Healthy Snacks and Lunches
On the Go
by Nancy Hearn
Healthy snack - nuts, seeds, dried fruit
As a nutritionist, I have found that people are confused about the numerous choices for healthy snacks on the go, as well as for what to include in bag lunches that are both satisfying and easy to prepare.
Regardless of whether you are vegan, vegetarian, or a meat eater, the principles of healthy eating are essentially the same.
Our bodies need a certain amount of protein, healthy fats, and carbs. The amounts and types of these nutrients you need on a daily basis depends on your particular metabolic type, dietary preferences, as well as your activity level.
However, the first step is to know how to choose healthier foods. The following are my top 10 tips for healthy snacks.
Top 10 Tips
- Water. Drink plenty of filtered water to keep the body hydrated and to flush toxins from your system. The general guideline is a minimum of 8 eight-ounce glasses of water a day (or half your weight in ounces).
- Fresh food. Carry a soft-sided cooler so that you can eat primarily whole, fresh foods, especially fruits and vegetables. Choose foods that are nutrient dense and avoid fast foods, fried foods, and processed foods as much as possible.
- Avoid these. Avoid foods that are high in flour, sugar, sodium, and trans fats (check the labels). These include foods such as most breads, muffins, cookies, chips, crackers, and just about every type of packaged or processed food.
- Healthy fats. Instead look for healthy fat alternatives, which will provide satiation and help curb starch and sugar cravings. Healthy fat foods include raw nuts and nut butters, avocados or guacamole, olives and olive spreads, and cheeses (preferably organic or raw). The best cheese choices are the softer ones such as goat cheese, cottage cheese, and Jarlsberg light Swiss cheese.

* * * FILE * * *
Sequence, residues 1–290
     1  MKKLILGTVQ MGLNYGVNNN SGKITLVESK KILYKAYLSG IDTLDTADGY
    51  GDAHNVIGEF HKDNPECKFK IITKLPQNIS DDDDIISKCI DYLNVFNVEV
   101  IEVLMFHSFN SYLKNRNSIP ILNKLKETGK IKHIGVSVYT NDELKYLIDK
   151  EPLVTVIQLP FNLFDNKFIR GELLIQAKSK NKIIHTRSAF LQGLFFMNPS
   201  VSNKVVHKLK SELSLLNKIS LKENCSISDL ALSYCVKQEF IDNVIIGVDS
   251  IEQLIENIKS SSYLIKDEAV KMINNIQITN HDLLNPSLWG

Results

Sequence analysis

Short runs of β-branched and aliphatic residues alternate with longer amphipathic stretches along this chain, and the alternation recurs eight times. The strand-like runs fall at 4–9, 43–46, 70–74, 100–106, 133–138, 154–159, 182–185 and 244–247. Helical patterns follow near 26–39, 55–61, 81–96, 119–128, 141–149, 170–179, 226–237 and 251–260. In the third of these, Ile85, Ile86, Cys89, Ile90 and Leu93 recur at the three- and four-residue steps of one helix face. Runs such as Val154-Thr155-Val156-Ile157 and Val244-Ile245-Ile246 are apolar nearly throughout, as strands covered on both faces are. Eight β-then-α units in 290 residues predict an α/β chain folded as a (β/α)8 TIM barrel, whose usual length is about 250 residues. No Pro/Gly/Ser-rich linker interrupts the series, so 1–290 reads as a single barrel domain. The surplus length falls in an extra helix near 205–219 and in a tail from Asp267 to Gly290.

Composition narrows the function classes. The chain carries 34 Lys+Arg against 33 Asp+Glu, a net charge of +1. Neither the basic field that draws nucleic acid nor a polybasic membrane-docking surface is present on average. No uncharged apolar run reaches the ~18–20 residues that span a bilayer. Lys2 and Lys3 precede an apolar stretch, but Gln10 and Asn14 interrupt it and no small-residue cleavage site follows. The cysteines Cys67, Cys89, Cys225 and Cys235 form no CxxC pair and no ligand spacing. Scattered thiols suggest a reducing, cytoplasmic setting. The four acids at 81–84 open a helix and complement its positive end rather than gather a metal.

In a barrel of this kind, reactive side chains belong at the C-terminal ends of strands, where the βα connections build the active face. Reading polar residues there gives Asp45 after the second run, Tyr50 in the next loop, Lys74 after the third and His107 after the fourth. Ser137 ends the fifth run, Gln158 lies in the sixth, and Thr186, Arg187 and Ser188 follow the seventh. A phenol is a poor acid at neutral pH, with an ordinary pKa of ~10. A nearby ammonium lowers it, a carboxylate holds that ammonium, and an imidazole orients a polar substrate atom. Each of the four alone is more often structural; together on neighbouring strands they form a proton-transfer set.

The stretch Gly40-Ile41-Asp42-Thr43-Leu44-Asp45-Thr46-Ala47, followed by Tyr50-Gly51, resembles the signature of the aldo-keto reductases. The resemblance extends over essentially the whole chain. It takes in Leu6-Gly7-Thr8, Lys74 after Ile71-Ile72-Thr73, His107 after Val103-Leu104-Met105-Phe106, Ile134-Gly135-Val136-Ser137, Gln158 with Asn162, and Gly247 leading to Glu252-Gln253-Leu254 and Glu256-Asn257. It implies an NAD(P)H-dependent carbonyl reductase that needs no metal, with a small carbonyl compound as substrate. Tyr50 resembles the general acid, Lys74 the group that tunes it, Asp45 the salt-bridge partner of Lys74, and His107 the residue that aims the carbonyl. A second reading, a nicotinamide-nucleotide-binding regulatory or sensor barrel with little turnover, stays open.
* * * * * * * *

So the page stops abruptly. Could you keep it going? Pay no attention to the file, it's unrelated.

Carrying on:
- Carb cravings. Healthy carbohydrate alternatives include high-fiber crackers such as Wasa crackers, nut thins, rice crackers, or sprouted grain bread like Ezekiel bread. The high-fiber crackers pair well with the healthy fat spreads, such as guacamole, olive tapenade, hummus, and goat cheese. A favorite snack choice for active outings is homemade trail mix with roasted oats, nuts, and dried fruit.
- Nutrient balance. Eat a balance of carbohydrate, protein, and healthy fat. Your nutrient requirements depend on your own metabolic needs and level of activity. Choosing a variety of foods is your best bet.
- Finger food. Cut apples, carrots, cucumbers, and celery stalks filled with nut butter or goat cheese are examples of easy “finger food” that balance each other nutritionally.
- Protein regularly. Eat some form of protein every two to three hours. Protein will not only help you maintain strength, but it will help regulate your insulin and blood sugar levels. For a quick and easy protein snack, raw almonds, pecans, pumpkin seeds, or walnuts are good choices.
- Food combining. Avoid combining animal protein with bread or other starches. Instead choose lean protein, such as turkey, chicken or tuna, along with a variety of raw vegetables and some healthy fat, such as olives, cream cheese, or dips. Or choose an open-faced vegetarian sandwich, with hummus, nut butter, avocado and/or cheese with lettuce and sprouts. Also, eat fresh fruit by itself; it does not combine well with any other food.
- Beverages. Most beverages, including natural fruit juice, are full of concentrated sugar. Eat the whole fruit instead of drinking juices. If you do drink fruit juice, dilute it 50-50 with filtered water. Herbal and fruit teas sweetened with stevia or xylitol (as needed) are a better choice than juice or soda. However, clean water is still the best option.
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